You can learn about Prague's 1000-year history and visit important monuments on this three-hour walking tour.
You'll start off in Old Town Square, which was once an important medieval marketplace. The late Gothic towers of Tyn Church and Old Town Hall loom over the square, demonstrating the ancient economic power of the city. In the center of the square you'll find a monument to the religious reformer, Jan Hus, who is considered a symbol of Czech national identity and is famous for his resistance to foreign rule.
As you walk through the streets of Old Town, you'll get to see buildings and monuments which represent Prague's complicated and multicultural past. You'll see a beautiful Gothic oriel window from 1370, Charles University's oldest structure, and learn about the impact that Czech intellectuals have had on the nation's political power. The university was founded in 1348 by Charles IV, the French-educated Holy Roman Emperor who wished to make Prague the European capital of education.
In Wenceslaus Square you'll experience the more recent twentieth-century difficulties of the city. In this square, massive Nazi rallies were held and Warsaw Pact tanks suppressed the Prague Spring in 1968. Afterwards, you'll visit the most famous Art Nouveau masterpiece in the city, the Municipal House. This structure was built in 1911 to loudly announce that the Czechs were a modern people, ready to join Europe. In this hall, T.G. Masaryk formally announced the creation of the Czechoslovak Republic after WWI.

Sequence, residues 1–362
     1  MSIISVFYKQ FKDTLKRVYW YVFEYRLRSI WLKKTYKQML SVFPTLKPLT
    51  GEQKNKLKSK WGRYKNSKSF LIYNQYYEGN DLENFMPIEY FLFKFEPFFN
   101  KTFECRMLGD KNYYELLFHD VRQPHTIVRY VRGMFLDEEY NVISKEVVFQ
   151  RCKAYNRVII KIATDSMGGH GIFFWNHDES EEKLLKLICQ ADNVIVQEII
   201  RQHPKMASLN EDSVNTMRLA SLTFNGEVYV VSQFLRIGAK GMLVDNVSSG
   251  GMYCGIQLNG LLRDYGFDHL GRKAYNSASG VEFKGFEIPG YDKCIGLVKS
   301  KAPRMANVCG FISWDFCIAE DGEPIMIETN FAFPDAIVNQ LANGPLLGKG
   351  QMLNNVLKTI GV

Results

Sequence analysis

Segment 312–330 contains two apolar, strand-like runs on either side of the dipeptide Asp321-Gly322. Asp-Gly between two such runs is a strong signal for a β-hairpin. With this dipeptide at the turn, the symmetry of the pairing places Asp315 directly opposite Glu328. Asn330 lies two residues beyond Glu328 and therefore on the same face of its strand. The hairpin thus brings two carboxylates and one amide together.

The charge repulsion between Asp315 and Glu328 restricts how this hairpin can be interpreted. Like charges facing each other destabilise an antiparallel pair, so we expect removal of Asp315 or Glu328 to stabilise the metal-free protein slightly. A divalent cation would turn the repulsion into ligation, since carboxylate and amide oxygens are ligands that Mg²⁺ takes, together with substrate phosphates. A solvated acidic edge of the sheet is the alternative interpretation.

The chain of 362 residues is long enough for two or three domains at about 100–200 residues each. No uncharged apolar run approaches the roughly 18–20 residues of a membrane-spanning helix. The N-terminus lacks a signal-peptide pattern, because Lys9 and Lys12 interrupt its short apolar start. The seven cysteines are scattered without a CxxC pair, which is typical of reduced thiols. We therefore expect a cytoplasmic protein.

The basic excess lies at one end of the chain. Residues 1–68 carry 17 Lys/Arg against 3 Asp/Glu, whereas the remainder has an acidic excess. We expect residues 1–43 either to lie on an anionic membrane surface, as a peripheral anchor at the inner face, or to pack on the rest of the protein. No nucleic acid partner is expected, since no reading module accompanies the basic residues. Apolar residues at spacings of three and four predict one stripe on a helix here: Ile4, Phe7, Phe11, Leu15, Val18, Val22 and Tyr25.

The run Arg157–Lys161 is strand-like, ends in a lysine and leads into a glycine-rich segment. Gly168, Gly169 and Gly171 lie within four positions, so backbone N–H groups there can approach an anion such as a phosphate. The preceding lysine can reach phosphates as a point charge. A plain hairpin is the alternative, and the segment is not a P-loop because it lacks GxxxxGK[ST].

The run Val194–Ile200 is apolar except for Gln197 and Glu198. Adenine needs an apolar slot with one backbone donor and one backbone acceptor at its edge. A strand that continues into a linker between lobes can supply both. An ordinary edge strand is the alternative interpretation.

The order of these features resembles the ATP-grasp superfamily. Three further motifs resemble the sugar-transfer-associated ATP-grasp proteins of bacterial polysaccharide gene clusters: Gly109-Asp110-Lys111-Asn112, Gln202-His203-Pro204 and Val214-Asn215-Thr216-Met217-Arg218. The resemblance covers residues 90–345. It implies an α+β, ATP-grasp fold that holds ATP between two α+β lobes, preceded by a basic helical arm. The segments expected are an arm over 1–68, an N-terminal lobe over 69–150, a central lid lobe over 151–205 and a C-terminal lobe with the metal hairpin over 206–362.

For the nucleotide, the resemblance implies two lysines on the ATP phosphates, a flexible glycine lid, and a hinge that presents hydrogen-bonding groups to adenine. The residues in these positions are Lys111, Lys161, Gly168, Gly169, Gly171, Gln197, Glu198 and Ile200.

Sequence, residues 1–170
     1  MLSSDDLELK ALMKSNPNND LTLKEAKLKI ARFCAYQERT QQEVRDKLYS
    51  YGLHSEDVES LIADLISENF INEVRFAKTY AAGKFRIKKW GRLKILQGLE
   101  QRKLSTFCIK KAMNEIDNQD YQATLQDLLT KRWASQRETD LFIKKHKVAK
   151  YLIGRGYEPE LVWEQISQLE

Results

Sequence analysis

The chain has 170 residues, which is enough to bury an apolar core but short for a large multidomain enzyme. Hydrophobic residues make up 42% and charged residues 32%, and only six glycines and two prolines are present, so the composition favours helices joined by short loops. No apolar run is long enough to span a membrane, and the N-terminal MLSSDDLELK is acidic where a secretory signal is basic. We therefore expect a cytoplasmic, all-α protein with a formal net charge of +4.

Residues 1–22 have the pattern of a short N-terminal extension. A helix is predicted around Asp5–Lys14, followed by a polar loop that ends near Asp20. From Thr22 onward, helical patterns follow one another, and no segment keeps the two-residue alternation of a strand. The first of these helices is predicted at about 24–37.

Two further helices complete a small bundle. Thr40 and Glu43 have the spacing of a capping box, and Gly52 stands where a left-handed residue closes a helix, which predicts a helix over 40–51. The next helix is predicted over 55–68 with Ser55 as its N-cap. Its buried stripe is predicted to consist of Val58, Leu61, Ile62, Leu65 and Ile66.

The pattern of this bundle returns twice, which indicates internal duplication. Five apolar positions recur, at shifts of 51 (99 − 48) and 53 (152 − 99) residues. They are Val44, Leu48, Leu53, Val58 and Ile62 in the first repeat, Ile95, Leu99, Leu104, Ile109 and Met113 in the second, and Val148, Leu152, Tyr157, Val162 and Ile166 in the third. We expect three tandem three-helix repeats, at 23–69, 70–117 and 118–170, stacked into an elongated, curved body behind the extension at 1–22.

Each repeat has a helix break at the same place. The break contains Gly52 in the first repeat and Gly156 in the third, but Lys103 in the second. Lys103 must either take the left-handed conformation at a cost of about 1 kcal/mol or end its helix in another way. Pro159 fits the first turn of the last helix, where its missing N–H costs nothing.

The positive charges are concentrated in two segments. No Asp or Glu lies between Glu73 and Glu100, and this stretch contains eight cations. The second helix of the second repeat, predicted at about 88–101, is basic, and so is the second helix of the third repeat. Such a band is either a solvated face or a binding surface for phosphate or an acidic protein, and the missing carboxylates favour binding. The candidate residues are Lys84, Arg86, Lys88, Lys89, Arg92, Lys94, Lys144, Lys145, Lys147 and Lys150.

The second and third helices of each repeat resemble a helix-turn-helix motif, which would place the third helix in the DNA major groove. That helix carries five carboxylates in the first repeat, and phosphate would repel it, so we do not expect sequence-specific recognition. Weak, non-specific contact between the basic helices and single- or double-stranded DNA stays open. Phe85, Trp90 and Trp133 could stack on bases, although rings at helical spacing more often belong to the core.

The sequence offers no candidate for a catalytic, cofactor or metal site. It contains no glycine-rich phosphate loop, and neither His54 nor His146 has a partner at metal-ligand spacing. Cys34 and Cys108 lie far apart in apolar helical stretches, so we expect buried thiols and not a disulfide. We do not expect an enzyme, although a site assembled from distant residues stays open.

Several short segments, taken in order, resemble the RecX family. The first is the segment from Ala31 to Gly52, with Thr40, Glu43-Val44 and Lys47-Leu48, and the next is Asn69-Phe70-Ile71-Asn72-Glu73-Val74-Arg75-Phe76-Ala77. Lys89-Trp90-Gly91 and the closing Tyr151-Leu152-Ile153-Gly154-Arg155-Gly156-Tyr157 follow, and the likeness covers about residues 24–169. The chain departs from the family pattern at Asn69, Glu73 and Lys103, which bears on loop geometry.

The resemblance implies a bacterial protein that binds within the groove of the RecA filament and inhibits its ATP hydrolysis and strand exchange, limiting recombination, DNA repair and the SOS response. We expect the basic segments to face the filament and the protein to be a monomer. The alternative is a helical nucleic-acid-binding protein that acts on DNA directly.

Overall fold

Finally, your tour will take you through the Jewish Quarter where you'll be able to see oldest functioning temple in Europe, the Old New Synagogue, the ancient Jewish cemetery, and the rococo Jewish Town Hall. Along the way, you'll learn more about Prague's honorable Jewish community and their interactions with Germans and Czechs. Your walk will end at the Vltava River, in full view of Prague Castle, with a quick synopsis of the still-emerging post-Soviet Czech political system.